Rudy Giuliani said Friday that House Intelligence Committee Chairman Adam Schiff, D-Calif., has "completely trashed the Constitution" in overseeing the impeachment investigation of President Donald Trump.
"Basically, Schiff has completely trashed the Constitution: no right of counsel, no right of cross-examination, no right to call witnesses," Giuliani, 75, the president's personal attorney, said on the "War Room: Impeachment" podcast.
The podcast is co-hosted by former Trump chief strategist Steve Bannon and ex-communications director Jason Miller. The broadcast started last month and airs on six conservative talk-radio stations in Florida and Virginia.
"If a whistleblower can be anonymous, then you would have to amend the Constitution, because you can't be convicted without being faced by your accusers," said Giuliani, the former New York City mayor and federal prosecutor.
"You can't be convicted by anonymous accusers anyplace but in the Soviet Union and Nazi Germany. It's almost ridiculous to contemplate.
"After all, the guy could be lying," Giuliani said. "Just because you're a whistleblower doesn't mean you're a saint.
"There are good whistleblowers, and there are bad whistleblowers," he continued. "There are good informants and there are bad informants.
That's why we have a trial," Giuliani said. "That's why we have cross-examination.
"It's in the Sixth Amendment of the United States Constitution.
"From their point of view, he's unpopular — but, dammit, he's entitled to a defense, or we're not America," he said.
Schiff, 59, who was first elected to the House in 2000, said Wednesday that public impeachment hearings would begin next week, though President Trump said Friday that he did not believe the sessions should be open.
"This is just like the Russian witch hunt," the president told reporters Friday, referring to the Mueller probe. "This is just a continuation."
Giuliani told Bannon and Miller that if he could question anyone during the hearings, he would choose Schiff.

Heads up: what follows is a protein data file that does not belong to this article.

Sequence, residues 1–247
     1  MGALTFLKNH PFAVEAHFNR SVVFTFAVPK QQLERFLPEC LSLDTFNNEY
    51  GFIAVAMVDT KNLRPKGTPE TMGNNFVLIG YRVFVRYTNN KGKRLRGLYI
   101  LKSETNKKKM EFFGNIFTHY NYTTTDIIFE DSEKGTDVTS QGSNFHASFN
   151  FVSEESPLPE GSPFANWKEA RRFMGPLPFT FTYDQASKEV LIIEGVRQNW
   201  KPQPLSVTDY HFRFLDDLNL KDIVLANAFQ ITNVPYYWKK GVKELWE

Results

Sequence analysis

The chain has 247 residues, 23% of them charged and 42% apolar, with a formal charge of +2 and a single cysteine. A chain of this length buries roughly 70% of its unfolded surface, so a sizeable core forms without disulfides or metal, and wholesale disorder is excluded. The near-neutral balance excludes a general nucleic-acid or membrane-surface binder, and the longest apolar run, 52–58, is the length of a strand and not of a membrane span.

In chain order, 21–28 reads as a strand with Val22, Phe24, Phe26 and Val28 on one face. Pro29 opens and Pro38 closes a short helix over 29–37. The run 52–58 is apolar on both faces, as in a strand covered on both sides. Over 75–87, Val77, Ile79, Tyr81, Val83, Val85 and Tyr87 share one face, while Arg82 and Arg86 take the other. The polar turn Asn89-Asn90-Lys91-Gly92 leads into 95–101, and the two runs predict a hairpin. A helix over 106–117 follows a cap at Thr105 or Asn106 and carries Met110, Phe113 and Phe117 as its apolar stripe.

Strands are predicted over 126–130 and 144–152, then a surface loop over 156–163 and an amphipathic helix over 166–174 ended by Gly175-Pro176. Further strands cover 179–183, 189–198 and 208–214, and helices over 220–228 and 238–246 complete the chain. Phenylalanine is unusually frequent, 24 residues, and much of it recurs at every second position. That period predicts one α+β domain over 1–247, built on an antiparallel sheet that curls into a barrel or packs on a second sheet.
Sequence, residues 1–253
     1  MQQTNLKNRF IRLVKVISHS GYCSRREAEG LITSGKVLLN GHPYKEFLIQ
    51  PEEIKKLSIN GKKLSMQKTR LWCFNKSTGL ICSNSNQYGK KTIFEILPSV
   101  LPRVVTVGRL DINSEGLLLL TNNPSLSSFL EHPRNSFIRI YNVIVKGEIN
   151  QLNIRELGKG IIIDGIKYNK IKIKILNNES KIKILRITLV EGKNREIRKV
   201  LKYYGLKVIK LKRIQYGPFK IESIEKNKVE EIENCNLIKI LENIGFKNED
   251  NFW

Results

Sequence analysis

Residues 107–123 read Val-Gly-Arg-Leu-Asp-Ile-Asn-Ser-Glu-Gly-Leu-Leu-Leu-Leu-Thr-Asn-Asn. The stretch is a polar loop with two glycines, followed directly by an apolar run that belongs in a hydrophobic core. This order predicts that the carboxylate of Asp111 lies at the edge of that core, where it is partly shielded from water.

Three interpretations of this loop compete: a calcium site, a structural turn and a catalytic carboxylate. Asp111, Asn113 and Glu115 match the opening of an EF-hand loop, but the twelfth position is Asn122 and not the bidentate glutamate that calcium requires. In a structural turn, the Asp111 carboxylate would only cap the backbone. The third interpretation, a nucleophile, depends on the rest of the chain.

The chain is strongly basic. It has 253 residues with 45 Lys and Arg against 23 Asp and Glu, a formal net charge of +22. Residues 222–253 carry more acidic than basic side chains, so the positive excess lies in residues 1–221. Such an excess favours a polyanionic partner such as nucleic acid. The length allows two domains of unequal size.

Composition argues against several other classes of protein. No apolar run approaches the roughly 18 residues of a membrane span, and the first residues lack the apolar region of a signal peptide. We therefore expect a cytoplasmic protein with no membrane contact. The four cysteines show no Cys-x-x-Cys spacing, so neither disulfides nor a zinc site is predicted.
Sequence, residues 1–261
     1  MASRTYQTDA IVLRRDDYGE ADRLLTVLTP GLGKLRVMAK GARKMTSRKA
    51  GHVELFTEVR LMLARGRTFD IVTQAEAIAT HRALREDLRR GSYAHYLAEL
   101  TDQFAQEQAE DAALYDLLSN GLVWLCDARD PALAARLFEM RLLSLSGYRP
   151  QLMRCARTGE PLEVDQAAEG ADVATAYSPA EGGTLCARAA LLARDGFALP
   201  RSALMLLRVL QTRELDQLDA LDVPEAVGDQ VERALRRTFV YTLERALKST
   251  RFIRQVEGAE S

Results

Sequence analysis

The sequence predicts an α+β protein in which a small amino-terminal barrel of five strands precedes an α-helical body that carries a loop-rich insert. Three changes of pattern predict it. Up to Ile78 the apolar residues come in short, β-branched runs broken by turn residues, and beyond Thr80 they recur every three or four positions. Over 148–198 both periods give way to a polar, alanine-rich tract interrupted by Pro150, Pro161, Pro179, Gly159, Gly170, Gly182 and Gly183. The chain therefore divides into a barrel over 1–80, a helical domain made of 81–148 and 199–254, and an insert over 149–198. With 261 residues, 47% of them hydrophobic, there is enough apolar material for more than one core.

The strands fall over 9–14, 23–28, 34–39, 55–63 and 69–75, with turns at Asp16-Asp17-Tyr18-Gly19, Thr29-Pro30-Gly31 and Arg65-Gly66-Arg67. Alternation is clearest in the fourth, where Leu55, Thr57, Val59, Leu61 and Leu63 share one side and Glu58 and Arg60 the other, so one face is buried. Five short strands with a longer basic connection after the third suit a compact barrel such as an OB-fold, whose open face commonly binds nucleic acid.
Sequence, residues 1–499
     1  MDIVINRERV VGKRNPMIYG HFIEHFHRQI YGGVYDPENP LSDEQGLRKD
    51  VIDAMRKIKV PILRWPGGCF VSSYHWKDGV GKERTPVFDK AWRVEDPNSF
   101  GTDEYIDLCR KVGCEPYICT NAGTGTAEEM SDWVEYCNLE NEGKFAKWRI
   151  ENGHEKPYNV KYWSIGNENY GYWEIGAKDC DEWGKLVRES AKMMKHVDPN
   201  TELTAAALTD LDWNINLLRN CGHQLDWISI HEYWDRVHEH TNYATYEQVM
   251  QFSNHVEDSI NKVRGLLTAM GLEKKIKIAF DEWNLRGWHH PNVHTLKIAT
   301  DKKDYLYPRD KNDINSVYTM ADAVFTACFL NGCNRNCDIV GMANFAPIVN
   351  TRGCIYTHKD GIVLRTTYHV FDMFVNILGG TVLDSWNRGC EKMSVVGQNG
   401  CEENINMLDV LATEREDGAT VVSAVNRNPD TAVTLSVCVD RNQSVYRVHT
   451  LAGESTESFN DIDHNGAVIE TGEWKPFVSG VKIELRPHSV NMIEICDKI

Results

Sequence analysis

"I think he plotted the whole thing," Giuliani said. "I think the only crime here is the way they put this together."
That hinges on a sober reading of the summary of the President Trump's July 25 telephone call with Ukrainian President Volodymyr Zelenskiy, which the White House released in September.
"If you take all of the emotion out and the media-spinning — and you read that transcript, there's nothing wrong with that at all.
"In fact, you could argue that the president had the obligation to ask him to investigate this corruption," he added, citing Article II, Section 3 of the U.S. Constitution.
"He has to take care that the laws are faithfully executed," the former mayor said.
Giuliani also noted the 2017 tweets of Mark Zaid, one of the attorneys representing the whistleblower, including one posted 10 days after Trump took office, on Jan. 30: "Coup has started. First of many steps. Rebellion. Impeachment will follow ultimately."
Though Zaid told Fox News Thursday, in part, that the tweets, referred to a "completely lawful process of what President Trump would likely face as a result of stepping over the line," Giuliani said the posts were another effort to end Trump's presidency.
"It's nothing more than another iteration of their … plan to remove him on anything they can make stick," he told the podcast. "Russian collusion didn't stick. Obstruction didn’t stick.
"Now, this one actually fell apart."
Giuliani again pointed to the Trump summary.
"The president, in a bold move, puts out the transcript. Read the transcript. It doesn't say anything about military aid.
"There's no threat. It's a request. Biden's mentioned for four lines out of a thousand.
Zelenskiy, the only guy who really would count, in terms of pressure, says, 'I wasn't pressured,'" Giuliani said. "He actually laughed."
The Ukrainian president told reporters at the White House in September that Trump did not pressure him to investigate former Vice President Joe Biden and his son, Hunter.
Giuliani admitted to Bannon and Miller on Friday that "we are engaged in combat" with congressional Democrats.
"Even if they don't impeach him, they're hoping that — somehow — it'll take his numbers down, and maybe they can beat him."
However, "this is going to be decided by the American people," he added. "If we're pretty close to even on impeachment, they're not going to impeach him.
"The jury has always been the American people, because we know that Congress follows public opinion.
"If public opinion is widely in favor of impeachment, like it was for [Richard] Nixon and like it wasn't for [Bill] Clinton, that's going to decide it," Giuliani said.
"And if it's even, it's too risky."
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